Lecture 12 C - Economics of Vaccines

Lecture 12 C- - ECONOMICS OF VACCINES Edwin Oaks Ph.D George Mason University Fall 2008 EVO INTRODUCTION Of all high-priority healthcare

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EVO ECONOMICS OF VACCINES Edwin Oaks, Ph.D. George Mason University Fall 2008
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EVO INTRODUCTION Of all high-priority healthcare interventions, immunization is one on the most important. Childhood vaccines against polio, measles, DTP are very good uses of funds available for healthcare These vaccines are highly effective and inexpensive for preventing serious diseases that would be costly to treat Very high benefit for low cost What about new vaccines? Made by more expensive procedures Sometimes targeted at less prevalent or severe diseases Does it make economic sense to introduce the new vaccines??
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EVO Cost-effectiveness Analysis (CEA) CEA is used to inform or rationalize decisions about the use of healthcare resources Is it cheaper to save a life with one type of healthcare intervention as compared to another? Goal is to save the maximum number of lives for the least cost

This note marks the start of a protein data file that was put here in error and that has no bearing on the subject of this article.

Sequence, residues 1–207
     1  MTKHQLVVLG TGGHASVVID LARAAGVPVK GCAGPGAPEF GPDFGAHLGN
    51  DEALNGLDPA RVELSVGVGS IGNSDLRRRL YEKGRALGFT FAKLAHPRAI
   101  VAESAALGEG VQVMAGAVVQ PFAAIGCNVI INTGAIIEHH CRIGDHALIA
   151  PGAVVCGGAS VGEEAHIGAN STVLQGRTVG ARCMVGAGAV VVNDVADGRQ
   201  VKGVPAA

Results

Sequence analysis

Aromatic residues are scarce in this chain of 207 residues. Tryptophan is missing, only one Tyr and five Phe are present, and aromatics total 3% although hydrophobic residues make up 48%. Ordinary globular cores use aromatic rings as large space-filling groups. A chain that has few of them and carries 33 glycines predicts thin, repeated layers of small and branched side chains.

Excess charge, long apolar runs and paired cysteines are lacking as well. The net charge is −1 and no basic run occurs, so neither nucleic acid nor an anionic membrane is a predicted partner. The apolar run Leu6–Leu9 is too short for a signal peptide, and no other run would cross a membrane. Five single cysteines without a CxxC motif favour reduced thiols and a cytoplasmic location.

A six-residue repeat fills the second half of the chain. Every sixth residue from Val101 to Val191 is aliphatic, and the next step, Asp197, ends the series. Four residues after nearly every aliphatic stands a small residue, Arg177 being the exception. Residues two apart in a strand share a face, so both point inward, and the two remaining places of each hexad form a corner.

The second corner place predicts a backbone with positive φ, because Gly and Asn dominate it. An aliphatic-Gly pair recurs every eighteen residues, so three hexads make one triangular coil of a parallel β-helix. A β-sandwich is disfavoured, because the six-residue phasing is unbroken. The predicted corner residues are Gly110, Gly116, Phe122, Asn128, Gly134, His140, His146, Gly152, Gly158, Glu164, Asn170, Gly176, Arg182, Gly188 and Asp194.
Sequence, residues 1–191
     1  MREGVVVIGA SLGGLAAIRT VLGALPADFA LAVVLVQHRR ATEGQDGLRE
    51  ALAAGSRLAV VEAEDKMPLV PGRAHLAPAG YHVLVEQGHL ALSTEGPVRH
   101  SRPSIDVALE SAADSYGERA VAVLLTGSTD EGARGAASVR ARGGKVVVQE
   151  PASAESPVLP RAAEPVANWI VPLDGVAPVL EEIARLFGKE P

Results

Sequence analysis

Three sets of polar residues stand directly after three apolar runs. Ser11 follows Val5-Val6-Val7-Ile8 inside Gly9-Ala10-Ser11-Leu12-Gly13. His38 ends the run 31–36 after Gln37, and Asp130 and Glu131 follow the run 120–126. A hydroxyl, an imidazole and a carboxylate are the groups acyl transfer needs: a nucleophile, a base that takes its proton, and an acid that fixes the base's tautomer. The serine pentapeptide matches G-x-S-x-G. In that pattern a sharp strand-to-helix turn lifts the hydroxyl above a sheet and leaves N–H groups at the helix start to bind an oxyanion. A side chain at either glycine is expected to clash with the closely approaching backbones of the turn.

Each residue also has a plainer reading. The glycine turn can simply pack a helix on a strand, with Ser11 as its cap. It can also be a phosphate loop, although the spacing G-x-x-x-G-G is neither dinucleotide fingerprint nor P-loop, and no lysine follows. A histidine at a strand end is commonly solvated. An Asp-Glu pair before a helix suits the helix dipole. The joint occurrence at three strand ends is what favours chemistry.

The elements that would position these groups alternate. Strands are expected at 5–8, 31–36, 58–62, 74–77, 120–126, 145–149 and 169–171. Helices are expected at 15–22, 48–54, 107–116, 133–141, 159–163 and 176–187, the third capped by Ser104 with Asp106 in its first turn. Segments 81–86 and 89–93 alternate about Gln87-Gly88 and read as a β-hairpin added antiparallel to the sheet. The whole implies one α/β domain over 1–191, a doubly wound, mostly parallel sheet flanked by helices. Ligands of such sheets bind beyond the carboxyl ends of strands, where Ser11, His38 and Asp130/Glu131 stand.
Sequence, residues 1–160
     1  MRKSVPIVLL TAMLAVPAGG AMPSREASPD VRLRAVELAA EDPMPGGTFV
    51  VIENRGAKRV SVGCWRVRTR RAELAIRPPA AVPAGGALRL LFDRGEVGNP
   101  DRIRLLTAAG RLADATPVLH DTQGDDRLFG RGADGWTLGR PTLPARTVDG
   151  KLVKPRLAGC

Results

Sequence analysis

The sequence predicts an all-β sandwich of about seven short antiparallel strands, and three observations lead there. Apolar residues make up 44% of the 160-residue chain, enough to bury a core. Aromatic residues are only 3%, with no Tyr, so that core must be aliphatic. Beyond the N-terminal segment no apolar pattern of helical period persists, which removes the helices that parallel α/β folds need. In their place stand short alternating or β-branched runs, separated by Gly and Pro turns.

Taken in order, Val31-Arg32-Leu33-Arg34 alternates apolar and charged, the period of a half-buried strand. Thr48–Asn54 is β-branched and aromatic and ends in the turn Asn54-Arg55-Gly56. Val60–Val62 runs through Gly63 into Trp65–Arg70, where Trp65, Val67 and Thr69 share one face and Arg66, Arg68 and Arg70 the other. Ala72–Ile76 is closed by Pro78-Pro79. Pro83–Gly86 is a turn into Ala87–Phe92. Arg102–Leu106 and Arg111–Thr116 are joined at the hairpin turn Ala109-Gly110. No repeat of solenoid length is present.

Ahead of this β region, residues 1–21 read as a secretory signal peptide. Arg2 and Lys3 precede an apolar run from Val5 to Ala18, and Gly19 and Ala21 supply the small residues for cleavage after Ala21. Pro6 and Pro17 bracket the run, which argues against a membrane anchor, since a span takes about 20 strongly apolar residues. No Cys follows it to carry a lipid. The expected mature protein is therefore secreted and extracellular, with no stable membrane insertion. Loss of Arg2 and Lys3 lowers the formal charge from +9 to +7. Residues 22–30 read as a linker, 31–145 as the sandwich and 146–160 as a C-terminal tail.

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EVO Cost-effectiveness Analysis (CEA) Compares two or more health care strategies that have a common objective and are competing for common resources Measures net cost of delivery minus the cost saved by vaccination to a desired health outcome such as the reduction of illness or death from the vaccine preventable disease Calculate a ratio Cost/measurable health outcome The measurable health outcome is usually expressed in terms of life-years gained or other measures reflecting decreased death and morbidity
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EVO Cost-effectiveness Analysis (CEA) Higher cost/measurable health outcome ratios reflect a lower cost effectiveness. The cost effectiveness of two vaccines are:
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This note was uploaded on 04/29/2009 for the course BIOL 420 taught by Professor Edwardsoaks during the Fall '08 term at George Mason.

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Lecture 12 C- - ECONOMICS OF VACCINES Edwin Oaks Ph.D George Mason University Fall 2008 EVO INTRODUCTION Of all high-priority healthcare

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